It’s already very crowded in the south-east
This news item was posted at 6:00 pm on the 11th April, 2011
As the time for Bid submissions to the NRL approaches, some people are still suggesting that a third NRL Club for the south-east corner of Queensland would be a viable alternative to a HEARTLAND club in Central Queensland. There is talk of three likely “bidders” from the south-east which could include the so called second Brisbane Team Bid, the Ipswich Bid and there is still a likelihood of a current Q Cup Cub, like East Tigers or even Redcliffe throwing their hat into the ring.
The CQ NRL Bid Chairman, Geoff Murphy recently published his opinion on the selfish nature of these potential Bids and his words fell on very receptive ears. I would like to comment on one of the prime criteria of the NRL – long term and sustainable viability.
According to the second Brisbane Team Bid their existence would provide a local derby of impressive proportions. I struggle with this as a reality. A few weeks ago the current local derby of Broncos V Titans at Skilled Park, attracted 20,226 fans in a 27,000 seat stadium. The Titans wonderful leader, Luke Bailey commented that he and his team were disappointed that about 7,000 odds fans did not front up to fill the stadium for this derby game. I appreciate his concerns and it’s worth noting that this particular weekend was a very busy time for football events in the south-east with some of these games being relatively poorly attended. Such is the crowded nature of the south-east sporting landscape.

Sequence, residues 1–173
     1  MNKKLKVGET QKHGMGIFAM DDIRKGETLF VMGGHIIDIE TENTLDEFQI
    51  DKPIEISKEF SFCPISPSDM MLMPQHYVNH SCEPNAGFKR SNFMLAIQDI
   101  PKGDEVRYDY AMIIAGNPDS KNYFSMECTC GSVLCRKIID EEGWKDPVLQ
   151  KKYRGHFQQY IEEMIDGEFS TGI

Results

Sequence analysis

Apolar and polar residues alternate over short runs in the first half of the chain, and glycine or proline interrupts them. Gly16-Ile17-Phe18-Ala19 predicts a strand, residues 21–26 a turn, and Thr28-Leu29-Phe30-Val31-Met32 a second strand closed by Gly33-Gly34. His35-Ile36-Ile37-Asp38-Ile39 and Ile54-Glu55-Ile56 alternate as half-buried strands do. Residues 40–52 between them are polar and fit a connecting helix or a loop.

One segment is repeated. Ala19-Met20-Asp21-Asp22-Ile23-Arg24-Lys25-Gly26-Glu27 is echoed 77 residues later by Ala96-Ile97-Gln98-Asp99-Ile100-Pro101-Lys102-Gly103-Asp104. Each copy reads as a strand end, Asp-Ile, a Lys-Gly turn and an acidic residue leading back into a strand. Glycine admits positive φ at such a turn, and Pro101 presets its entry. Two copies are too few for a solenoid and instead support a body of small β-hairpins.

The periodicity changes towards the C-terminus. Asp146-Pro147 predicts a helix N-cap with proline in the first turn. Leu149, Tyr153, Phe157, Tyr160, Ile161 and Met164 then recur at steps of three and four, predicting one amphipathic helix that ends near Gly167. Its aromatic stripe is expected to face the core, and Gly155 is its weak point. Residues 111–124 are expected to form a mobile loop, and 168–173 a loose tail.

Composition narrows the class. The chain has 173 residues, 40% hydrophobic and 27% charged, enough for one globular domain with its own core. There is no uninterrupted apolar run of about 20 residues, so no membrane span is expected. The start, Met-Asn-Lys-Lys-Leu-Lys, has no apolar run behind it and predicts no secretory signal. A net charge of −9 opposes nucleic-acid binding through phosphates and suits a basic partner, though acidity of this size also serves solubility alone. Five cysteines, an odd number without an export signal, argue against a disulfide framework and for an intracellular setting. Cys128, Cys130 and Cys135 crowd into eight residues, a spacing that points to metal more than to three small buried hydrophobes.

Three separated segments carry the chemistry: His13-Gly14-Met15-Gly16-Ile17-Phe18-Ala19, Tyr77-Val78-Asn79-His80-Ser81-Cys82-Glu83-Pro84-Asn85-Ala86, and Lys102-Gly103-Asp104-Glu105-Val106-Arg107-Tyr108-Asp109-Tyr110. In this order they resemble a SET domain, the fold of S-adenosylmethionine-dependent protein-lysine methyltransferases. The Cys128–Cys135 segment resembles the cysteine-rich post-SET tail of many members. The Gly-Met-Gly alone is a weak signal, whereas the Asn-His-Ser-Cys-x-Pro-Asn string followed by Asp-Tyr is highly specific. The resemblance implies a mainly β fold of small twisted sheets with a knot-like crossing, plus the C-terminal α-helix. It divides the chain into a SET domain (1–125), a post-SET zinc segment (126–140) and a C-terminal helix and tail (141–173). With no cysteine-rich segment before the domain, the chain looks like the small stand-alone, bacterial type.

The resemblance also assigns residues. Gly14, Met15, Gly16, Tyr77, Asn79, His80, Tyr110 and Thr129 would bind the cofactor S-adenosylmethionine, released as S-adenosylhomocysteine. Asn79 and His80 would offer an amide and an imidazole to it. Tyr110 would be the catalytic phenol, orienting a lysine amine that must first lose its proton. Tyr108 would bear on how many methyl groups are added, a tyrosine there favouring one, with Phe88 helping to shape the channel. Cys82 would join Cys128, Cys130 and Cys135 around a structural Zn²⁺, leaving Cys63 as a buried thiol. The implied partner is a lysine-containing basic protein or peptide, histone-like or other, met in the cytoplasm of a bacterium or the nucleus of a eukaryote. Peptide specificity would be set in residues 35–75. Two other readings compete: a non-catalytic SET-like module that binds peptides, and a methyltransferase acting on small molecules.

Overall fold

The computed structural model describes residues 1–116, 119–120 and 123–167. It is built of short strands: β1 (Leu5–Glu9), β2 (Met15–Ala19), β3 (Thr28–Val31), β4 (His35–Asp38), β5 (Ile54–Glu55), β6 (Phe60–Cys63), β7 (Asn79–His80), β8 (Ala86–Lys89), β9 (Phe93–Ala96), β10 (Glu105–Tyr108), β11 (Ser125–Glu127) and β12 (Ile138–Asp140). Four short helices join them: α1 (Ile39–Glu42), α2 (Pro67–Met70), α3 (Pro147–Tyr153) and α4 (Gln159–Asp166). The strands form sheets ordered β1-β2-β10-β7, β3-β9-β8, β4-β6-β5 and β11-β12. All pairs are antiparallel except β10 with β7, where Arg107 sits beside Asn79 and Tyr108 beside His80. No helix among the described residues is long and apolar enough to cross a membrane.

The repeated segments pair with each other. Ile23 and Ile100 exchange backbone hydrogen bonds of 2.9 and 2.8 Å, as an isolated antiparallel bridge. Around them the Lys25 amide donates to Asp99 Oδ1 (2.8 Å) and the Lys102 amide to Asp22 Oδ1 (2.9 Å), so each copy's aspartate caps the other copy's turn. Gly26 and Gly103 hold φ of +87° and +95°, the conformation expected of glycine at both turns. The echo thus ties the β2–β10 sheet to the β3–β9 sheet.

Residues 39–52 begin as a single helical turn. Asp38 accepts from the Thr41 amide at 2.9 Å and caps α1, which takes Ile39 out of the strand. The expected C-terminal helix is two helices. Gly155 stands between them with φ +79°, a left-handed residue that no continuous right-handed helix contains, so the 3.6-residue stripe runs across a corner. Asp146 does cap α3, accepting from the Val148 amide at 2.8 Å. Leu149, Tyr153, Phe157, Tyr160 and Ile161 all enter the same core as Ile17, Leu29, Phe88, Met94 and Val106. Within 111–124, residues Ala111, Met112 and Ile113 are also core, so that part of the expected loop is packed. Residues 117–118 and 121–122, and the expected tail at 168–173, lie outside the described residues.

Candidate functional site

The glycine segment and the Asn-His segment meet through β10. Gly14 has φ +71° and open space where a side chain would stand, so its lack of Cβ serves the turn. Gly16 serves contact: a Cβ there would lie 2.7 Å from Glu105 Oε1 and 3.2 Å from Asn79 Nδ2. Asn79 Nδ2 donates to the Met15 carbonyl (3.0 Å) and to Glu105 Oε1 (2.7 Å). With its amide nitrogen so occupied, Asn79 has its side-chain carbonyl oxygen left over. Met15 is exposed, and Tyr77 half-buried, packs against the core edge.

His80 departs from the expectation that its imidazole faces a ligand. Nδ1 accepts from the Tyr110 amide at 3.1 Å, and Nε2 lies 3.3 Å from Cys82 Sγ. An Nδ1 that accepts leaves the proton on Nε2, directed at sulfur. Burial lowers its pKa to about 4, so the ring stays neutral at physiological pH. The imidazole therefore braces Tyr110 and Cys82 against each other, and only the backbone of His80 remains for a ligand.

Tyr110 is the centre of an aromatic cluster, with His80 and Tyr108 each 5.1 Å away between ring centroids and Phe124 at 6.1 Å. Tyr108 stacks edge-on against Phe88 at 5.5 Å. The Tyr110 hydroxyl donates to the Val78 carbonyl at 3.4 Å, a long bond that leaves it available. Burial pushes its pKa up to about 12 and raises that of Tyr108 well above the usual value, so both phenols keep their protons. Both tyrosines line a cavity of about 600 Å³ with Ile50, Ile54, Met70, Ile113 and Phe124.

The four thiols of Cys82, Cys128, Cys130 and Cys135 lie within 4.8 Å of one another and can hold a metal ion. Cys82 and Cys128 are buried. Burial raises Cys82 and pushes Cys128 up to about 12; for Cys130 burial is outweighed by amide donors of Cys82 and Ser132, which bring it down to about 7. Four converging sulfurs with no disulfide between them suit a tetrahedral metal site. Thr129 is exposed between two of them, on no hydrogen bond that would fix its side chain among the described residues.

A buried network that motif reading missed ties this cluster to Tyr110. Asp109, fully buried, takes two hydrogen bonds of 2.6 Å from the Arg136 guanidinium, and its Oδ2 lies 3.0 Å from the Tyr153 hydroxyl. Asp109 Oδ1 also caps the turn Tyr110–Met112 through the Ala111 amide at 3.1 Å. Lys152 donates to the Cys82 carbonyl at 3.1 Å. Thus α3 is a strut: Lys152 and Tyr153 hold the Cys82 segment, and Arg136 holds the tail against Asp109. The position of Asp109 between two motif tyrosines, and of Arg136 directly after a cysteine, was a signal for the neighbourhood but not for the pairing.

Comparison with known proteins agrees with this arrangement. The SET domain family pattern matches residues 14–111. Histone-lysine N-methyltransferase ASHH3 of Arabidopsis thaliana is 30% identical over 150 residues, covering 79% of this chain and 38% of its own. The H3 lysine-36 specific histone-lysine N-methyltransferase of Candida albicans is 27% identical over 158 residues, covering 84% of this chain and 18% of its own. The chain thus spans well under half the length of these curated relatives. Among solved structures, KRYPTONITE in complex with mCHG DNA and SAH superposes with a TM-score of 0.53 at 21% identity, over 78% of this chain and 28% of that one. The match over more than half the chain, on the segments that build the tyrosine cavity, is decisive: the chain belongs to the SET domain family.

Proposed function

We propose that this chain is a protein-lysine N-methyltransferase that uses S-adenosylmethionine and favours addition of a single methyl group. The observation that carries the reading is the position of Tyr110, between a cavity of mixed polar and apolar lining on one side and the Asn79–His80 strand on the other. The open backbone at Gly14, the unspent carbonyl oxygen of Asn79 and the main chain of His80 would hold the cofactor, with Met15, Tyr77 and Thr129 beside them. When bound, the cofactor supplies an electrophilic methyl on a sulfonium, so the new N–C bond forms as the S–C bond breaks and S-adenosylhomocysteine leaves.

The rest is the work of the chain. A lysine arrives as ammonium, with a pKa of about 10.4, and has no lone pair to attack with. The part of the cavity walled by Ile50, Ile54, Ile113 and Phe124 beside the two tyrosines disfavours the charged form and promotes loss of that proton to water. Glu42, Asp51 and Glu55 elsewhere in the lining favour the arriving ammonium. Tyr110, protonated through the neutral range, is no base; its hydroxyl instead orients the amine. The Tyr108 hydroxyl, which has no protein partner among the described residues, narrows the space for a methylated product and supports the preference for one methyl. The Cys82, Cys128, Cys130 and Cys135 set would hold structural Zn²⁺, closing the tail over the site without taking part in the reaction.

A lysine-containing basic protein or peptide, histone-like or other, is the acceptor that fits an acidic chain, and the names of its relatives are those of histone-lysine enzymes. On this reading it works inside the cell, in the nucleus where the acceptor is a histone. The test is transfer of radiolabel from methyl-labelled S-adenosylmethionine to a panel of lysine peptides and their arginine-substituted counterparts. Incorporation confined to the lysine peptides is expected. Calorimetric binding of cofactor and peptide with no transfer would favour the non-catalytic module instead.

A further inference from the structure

The NRL Titans – Broncos game on Friday night attracted 20,226 at Skilled (capacity 27,000); the Super 15 Reds – Cheetahs game on Saturday night attracted 19,579 at Suncorp (capacity 54,000); the AFL Brisbane Lions – Fremantle game on Saturday night attracted 23,373 at the Gabba (capacity 42,000)
In all 63,178 people attended the three national games over that recent weekend in stadia with a combined capacity of 123,000. That means an average percentage of only 51%. Individually the figures are worse. The Titans to their credit achieved around 75% of their stadium capacity; the Reds around 36% and the Lions around 56%.
As well as these three national competition games, many second tier sporting events were staged over that weekend in the south-east including three Queensland Cup games.
It makes me think some aspect of the current setup will have to go if anyone adds another National Team into this very crowded sporting landscape which is not being well attended now.
Another NRL in the south-east of the state?? Maybe but in about 25 years from now after the HEARTLAND Central Queensland has been catered for. We are screaming out for our own NRL team and we will PACK OUR PLACE OUT.
In the next article I will detail the recently announced Joint Venture between the CQ NRL Bid and QR National to engage the schools community and to offer Scholarships for disadvantaged youths. These activities further enhance the CQ NRL Bid and provide real benefit to Central Queensland.
Support your own NRL team in CQ – get on line at www.cqnrl.com.au and become Bid or Corporate member.
From the desk of Denis Keeffe – CEO, CQ NRL Bid Team